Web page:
cover image The Apothecary’s Heir

The Apothecary’s Heir

Julianne Buchsbaum. Penguin, $18 trade paper (80p) ISBN 978-0-14-312141-1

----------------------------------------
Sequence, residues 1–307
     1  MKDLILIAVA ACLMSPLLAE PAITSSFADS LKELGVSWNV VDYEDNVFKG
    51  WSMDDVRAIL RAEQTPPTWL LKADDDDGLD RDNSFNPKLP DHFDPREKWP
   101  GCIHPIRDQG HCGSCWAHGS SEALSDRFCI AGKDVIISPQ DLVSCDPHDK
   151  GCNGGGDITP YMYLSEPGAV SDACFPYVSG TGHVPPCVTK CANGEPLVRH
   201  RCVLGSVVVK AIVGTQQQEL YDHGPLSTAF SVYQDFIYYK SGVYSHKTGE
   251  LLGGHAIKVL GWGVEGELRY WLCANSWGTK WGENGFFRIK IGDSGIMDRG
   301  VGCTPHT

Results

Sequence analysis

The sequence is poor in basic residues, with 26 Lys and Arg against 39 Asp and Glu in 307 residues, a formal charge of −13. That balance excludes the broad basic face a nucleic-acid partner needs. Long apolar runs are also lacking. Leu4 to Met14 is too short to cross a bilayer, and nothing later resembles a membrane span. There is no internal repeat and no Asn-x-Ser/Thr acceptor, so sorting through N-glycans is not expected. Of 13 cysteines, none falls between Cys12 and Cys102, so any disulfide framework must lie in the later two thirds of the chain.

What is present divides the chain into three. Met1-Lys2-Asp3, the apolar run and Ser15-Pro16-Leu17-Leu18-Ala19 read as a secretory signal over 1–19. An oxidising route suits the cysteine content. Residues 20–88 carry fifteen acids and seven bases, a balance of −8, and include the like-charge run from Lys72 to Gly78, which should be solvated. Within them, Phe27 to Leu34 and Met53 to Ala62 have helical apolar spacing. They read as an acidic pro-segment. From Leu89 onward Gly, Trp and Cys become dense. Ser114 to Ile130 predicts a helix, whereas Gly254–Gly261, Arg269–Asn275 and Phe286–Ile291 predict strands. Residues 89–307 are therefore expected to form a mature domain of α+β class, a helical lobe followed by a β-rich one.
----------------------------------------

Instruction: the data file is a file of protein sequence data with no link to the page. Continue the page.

At once lovely in its compact artifice and genuine in its sense of memory, this third collection from Buchsbaum (Slowly, Slowly) takes on American places from California to Florida, from trackless woods to “trailer parks,” “drowned valleys or barges off the coast of Maine,” finding again and again in these sites an elaborate language for Romantic complaint and family elegy, “with a lusty rhythm/ and Latinate words.” Buchsbaum’s high diction, unrhymed couplets, and rococo titles (“In the Beautiful, Long-Gone and Godless Season of Hereafter”) can evoke Lucie Brock-Broido, who selected the book for the National Poetry series, while her unapologetic emotion, grounded in eros, in personal mourning, and in spirits bucolic and georgic, harks back to the achievements of Dylan Thomas. Though she addresses cultivated fields, suburbs, and even the bookish spaces of historiography, Buchsbaum seems most at home in forests, where “leaves crinkle in the woods like people telling secrets.” She calls herself a “lexicographer of decay,” a “voyager through/ pale, annulled provinces” as she walks out in a “late-winter landscape” of oak trees. Such moments may strike some readers as overwrought, attentive more to manner than to something said. And yet they will strike others as sublimely charming. (July)